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robertogreco : airpollution   4

Superblocks: How Barcelona is taking city streets back from cars - YouTube
"Modern cities are designed for cars. But the city of Barcelona is testing out an urban design trick that can give cities back to pedestrians."
cities  cars  transportation  pollution  2016  airpollution  noise  noisepollution  urban  urbanism  superblocks  urbanplanning  air  pedestrians  ildefonscerdà  classideas 
may 2018 by robertogreco
NBER Paper Finds Air Pollution Affects Violent Crime in Chicago - CityLab
"A growing body of scientific literature tells us that air pollution is bad for the brain. Fine particles and ozone are neurological irritants, reducing productivity, weakening cognitive skills, and encouraging anti-social behavior as they enter the body. And as with noise pollution, the physical discomfort induced by breathing air layered with carbon monoxide and nitrous oxide can lead to more aggressive actions, too.

One implication about this research is that air pollution could factor into the one of the worst expressions of a hobbled brain: Violent crime. Like the old chestnut that homicide rates rise with the heat, might poor air quality have a similar psycho-neurological effect?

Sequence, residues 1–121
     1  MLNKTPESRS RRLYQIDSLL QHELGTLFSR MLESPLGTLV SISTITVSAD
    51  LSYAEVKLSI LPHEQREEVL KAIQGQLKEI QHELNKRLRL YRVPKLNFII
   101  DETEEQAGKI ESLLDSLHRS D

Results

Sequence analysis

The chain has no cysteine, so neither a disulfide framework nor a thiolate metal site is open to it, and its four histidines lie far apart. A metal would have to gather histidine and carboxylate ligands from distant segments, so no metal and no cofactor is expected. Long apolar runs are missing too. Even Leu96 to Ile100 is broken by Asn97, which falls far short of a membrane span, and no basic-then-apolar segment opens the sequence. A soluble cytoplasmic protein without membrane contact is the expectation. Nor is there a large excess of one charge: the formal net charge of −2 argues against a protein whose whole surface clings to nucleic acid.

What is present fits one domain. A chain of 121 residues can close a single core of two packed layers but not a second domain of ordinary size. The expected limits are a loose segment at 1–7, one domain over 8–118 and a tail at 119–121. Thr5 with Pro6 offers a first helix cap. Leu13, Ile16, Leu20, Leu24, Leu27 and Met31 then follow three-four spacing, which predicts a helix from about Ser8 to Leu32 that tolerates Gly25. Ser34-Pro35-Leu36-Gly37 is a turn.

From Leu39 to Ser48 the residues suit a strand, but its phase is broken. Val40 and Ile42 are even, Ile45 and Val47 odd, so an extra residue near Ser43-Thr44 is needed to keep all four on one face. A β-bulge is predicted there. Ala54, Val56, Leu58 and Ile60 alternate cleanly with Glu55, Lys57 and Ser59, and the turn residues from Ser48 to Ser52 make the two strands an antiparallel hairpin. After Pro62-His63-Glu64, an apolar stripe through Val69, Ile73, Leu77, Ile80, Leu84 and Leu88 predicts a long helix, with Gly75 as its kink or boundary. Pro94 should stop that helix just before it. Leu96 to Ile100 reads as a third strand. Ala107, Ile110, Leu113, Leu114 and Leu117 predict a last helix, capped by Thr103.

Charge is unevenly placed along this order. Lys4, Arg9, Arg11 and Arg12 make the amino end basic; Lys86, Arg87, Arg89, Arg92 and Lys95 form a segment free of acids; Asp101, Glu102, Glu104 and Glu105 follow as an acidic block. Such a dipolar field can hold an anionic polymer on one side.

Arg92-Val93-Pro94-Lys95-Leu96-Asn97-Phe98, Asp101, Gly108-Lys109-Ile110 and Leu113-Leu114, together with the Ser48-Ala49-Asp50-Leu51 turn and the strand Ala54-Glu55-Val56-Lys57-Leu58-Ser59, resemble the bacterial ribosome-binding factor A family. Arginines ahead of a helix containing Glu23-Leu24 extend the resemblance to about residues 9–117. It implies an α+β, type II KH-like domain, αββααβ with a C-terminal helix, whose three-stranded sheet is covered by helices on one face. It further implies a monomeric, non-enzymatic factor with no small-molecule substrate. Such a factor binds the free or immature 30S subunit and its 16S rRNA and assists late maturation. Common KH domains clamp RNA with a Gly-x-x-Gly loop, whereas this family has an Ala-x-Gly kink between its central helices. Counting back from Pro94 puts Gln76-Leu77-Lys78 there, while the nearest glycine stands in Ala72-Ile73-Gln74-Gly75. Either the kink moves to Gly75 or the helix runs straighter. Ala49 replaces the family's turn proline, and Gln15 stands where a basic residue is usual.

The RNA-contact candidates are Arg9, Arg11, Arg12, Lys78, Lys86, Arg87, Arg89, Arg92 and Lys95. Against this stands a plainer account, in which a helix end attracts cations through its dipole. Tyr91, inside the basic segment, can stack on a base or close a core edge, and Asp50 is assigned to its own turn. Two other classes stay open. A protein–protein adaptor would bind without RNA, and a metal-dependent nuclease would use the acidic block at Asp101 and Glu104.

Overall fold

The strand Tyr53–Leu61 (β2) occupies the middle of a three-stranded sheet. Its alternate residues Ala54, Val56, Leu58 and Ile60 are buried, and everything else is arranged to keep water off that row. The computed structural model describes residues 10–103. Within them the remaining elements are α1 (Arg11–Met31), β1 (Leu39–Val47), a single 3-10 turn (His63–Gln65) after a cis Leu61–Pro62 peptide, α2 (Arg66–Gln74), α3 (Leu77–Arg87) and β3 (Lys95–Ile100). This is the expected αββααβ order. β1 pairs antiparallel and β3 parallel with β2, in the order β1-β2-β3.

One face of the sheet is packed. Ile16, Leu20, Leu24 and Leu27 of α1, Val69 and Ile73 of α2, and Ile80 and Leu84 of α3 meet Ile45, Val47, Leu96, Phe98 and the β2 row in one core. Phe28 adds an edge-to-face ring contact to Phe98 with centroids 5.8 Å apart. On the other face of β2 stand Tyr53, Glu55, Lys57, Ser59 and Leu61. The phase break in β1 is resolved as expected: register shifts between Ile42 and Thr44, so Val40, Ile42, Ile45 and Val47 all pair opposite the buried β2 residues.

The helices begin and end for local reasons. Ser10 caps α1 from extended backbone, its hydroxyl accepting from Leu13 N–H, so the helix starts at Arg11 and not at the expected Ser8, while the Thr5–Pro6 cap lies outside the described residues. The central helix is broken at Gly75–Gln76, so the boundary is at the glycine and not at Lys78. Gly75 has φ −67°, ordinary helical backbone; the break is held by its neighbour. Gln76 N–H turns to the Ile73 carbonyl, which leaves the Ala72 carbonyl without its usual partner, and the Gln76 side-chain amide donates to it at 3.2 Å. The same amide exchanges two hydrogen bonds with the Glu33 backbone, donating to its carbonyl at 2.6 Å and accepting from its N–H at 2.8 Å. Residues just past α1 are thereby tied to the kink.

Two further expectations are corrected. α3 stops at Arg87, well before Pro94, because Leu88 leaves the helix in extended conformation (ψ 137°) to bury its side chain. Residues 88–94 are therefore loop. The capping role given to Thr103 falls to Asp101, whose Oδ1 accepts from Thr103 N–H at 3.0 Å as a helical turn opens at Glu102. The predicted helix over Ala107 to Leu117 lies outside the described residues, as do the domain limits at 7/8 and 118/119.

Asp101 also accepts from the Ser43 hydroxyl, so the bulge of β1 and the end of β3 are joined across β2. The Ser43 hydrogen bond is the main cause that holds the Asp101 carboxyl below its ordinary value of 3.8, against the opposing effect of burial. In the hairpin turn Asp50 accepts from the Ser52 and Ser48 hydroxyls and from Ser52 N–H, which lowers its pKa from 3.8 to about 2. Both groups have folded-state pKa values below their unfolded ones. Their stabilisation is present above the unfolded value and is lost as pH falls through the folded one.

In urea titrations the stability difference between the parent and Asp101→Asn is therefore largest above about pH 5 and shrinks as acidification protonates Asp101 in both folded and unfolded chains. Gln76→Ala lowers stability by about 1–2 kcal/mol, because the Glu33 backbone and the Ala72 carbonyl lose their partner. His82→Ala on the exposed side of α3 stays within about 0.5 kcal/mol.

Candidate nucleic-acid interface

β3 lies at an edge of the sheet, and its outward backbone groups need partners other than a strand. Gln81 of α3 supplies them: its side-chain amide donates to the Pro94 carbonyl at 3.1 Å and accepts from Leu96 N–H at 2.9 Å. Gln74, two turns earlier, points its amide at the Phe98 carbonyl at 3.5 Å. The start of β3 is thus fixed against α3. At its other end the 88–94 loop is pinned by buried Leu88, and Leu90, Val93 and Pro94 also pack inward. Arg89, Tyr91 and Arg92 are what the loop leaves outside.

A new working paper published by the National Bureau of Economic Research says yes: In Chicago, a city trellised by smoggy highways, car pollution has a measurable effect on criminal activity.

Downwind effects

Evan Herrnstadt, a postdoctoral fellow at Harvard University Center for the Environment, and the co-author Erich Muehlegger, assistant professor of economics at UC Davis, examined data from the Chicago Police Department that accounted for more than two million crimes committed between 2001 to 2012. They zeroed in on criminal activity in neighborhoods that border the interstates that cut through the city: I-90, I-94, I-290, I-55 and I-57, which are major sources of local air pollution. They coupled this crime data with daily NOAA wind direction measurements, taken from weather stations along the highways and in the neighborhoods themselves.

Why look at wind direction? Because pollution wafts with the breeze. For example, “I-290 runs due west from the Chicago city center to the suburbs of Oak Park and Berwyn,” the authors write. “On days when the wind blows from the south, the pollution from the interstate impacts on the north side of the interstate”—and vice versa.

Studying wind direction was also important to their methodology: Herrnstadt says that this allowed them to isolate the causal effect of automobile pollution without too many confounding factors. The researchers could have approached their question by looking at neighborhoods that have become more or less polluted over time, and seeing how crime levels matched up to that trend. But that would introduce lots of factors they would have had to control for, such as local economic conditions and weather effects.